In the late 1960s the District government and Anacostia residents had high hopes and grand plans for nearly 500 acres of surplus military land on the banks of the Anacostia River at Bolling Air Force Base.
After a protracted fight that went all the way to the White House, the dreams crumbled and the city lost. The military took the land back, and now occupying the site is a newly completed seven-story gray building that is the new headquarters of the Defense Intelligence Agency. DIA gathers and evaluates military intelligence information for the Pentagon.
"The first people moved in in January," said Lt. Col. Neal Berry, a public affairs officer at DIA. "People moved into the offices in March. We're just about to finish" staffing the center, he said. Full staffing will be slightly more than 3,000 employes.
The $105 million complex, on South Capitol Street near Portland Street, has nearly 1 million square feet of office space, half used for offices and the other half for photographic processing and classrooms for the Defense Intelligence College, Berry said.
But businessmen who operate small shops a few blocks away at Portland Street and Martin Luther King Avenue said their new neighbor has brought few new dollars or jobs to the community.
"In many ways it stands as a monument to disappointment," said D.C. City Council member Wilhelmina Rolark, (D-Ward 8), who represents the area that includes Anacostia and the DIA building.
"The military is a world unto itself," she continued. "The main impact is the widening of some of the roads, to ease the impact of the increased traffic."
The businessmen agreed.
"I haven't really noticed an increase in business ," said William Carter, manager of Mellon Drug. "I see some strange faces," he said and added that he thought they might be military personnel assigned to Bolling.
Christopher Akins, manager of the High's Store across the street, said, "Some people come in here in uniform. I presume they're from the base." But he hasn't noticed a large number, he said.
Esther Kim of Long Bros. dry cleaning said that she had more military customers a few years ago than she has now.
Rudolph Patterson, the manager of the Mart, a liquor store at the corner of Portland Street and Martin Luther King Avenue, said he had noticed some military people coming in, "but nothing to write home about."
But Ted Myers, coowner of King Avenue Fish Bar, said that military personnel do patronize his small restaurant and takeout store. "I think the DIA building might have helped business," Myers said. "They'll call in orders or drop in. I'm glad it's there. I think it has helped business."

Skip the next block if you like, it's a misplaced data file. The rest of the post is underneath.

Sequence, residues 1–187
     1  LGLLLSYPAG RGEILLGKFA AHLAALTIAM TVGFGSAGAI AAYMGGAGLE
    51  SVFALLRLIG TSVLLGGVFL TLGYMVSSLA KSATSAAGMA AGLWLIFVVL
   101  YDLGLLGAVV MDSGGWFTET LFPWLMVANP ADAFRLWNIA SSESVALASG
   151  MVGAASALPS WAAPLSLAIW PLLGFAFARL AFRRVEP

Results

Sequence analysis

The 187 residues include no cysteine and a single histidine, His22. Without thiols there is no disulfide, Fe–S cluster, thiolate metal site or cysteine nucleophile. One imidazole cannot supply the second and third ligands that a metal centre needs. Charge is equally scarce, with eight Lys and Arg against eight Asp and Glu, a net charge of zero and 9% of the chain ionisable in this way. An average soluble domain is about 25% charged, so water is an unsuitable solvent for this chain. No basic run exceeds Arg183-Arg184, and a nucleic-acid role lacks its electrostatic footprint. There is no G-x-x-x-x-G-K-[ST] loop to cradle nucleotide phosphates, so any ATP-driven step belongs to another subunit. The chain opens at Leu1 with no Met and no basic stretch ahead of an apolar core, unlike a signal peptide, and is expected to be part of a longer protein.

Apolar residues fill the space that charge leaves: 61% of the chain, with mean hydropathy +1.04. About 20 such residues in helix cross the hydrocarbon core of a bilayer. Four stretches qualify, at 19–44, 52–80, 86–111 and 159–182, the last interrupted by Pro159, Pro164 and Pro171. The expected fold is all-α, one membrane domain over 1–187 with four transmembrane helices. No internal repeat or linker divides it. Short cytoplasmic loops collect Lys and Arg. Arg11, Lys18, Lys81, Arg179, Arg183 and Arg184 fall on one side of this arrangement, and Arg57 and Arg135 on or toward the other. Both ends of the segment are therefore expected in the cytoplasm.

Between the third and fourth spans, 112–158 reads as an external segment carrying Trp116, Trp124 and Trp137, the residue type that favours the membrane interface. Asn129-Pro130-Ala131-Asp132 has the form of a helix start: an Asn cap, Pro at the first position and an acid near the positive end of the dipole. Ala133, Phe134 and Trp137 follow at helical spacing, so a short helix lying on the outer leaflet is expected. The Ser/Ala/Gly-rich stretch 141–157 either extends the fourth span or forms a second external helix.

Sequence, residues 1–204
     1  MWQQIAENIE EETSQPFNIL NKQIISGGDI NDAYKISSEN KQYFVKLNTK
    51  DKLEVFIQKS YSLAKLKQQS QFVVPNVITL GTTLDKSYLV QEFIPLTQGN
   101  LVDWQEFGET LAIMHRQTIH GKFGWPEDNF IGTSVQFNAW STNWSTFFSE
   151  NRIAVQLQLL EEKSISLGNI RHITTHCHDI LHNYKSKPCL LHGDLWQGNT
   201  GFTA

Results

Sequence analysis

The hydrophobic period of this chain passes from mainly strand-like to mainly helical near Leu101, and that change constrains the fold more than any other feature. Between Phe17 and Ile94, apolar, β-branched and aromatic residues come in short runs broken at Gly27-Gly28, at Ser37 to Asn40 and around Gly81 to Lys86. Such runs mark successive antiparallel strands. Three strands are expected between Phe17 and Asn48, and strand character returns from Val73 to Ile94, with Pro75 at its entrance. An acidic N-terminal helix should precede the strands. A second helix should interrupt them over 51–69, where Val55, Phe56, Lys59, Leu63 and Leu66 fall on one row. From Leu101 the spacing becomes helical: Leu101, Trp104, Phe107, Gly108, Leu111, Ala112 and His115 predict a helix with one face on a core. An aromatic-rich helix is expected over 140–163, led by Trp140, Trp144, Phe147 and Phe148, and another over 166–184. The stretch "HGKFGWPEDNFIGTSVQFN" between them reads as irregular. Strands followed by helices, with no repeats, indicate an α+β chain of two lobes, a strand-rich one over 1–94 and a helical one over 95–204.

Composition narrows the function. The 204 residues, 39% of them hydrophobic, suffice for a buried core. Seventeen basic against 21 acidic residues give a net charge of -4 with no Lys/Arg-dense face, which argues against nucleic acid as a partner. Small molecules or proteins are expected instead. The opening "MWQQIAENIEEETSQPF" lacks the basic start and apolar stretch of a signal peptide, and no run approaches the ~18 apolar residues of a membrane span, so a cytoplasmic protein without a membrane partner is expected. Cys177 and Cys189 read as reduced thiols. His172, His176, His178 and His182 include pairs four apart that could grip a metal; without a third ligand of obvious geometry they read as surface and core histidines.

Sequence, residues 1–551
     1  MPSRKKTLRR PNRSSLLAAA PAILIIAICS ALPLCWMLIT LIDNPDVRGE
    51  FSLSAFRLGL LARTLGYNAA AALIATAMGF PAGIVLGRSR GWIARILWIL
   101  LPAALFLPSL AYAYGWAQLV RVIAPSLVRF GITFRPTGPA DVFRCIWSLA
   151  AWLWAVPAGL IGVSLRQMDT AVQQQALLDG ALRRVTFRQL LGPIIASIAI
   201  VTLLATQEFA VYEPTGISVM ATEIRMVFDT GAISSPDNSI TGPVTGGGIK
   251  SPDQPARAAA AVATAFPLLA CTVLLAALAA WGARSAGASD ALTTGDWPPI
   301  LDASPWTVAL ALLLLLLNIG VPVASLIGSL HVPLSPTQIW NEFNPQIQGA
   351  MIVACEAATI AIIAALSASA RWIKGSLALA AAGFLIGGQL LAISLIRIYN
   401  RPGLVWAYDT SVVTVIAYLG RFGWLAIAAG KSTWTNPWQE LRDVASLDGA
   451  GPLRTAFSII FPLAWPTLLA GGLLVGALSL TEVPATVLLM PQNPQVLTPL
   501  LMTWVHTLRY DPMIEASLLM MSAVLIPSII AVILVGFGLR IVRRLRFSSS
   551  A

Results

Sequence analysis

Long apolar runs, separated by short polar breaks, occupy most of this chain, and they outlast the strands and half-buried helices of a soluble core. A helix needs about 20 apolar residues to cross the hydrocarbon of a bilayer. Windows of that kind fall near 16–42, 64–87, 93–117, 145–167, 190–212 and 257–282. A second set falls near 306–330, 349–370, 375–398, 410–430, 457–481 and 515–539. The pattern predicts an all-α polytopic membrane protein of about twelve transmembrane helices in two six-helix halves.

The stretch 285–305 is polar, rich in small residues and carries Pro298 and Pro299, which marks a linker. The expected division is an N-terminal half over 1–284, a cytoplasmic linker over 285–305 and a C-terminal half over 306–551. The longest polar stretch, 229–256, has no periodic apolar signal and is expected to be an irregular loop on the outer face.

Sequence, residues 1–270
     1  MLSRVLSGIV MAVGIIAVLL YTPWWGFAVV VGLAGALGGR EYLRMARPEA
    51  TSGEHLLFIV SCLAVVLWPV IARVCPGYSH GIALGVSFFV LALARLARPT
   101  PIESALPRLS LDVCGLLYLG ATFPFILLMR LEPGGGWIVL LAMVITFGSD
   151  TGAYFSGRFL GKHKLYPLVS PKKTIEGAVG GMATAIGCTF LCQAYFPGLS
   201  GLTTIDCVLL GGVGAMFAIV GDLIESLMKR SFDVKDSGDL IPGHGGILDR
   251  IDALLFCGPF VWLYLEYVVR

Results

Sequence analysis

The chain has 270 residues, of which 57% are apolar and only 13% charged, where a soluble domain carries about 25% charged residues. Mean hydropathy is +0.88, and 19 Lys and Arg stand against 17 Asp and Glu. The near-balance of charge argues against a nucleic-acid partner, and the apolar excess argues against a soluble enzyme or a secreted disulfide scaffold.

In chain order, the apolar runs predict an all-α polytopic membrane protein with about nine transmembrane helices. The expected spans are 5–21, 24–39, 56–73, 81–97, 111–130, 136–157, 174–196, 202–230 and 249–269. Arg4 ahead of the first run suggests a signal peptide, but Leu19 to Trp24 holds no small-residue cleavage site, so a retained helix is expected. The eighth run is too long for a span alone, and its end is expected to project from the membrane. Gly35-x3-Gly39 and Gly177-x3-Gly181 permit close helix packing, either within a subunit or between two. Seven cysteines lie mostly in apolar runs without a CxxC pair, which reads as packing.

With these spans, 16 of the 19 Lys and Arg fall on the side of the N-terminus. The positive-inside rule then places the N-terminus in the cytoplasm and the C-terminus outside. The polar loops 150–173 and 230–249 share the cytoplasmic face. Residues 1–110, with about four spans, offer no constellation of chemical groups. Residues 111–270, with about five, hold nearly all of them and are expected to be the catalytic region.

In the mid-1960s, after the military declared more than 500 acres of the Bolling base surplus, city agencies had dreams of turning the site into a new community of housing for low and moderate income families, schools, restaurants, walkways and parks.
"Community meetings were held," recalled Al Hopkins, president of the Anacostia Economic Development Corp. "With the help of George Washington University School of Urban and Regional Planning . . . models were developed."
But the ambitious plans ran into stiff opposition from Rep. Mendel Rivers (D-S.C.), then chairman of the powerful House Armed Services Committee.
Rivers included in a military construction authorization bill a provision that prohibited civilian use of the site and extended military control of the land until 1970. The provision was later extended. President Johnson signed the bill into law with misgivings because of language aimed at stopping the new town at Bolling. Rivers called the plans for a new community the "social concoctions of some idiots around Washington."
"We thought we had a victory," Hopkins said. "It was a tremendous disappointment to the people of Anacostia, a promise unkept, another one to go down in history."
John Kinnard, director of the Anacostia Neighborhood Museum said, "We had hoped to put housing, a university, a marina down there. But the military decided they would keep it." His only hope is that the employes "who live long distances will want to live nearer and will seek housing in Anacostia , and that's the only thing that I can see happening."
The military had planned to build the DIA headquarters at Arlington Hall Station in Arlington, but later decided to construct the agency complex at the Anacostia-Bolling tract.
DIA did not recruit in Anacostia for the few civilian employes that were hired because, "We operate under the rules of the U.S. government," Berry said. "We don't differentiate between neighborhoods [in hiring.]" CAPTION: Picture, New Defense Intelligence Agency headquarters: view is form Interstate 295, outside grounds of $105 million complex recently completed on land once declared surplus by the military. By Vanessa Barnes Hillian -- The Washington Post; Map, no caption, BY D. ZUCKERMAN FOR THE WASHINGTON POST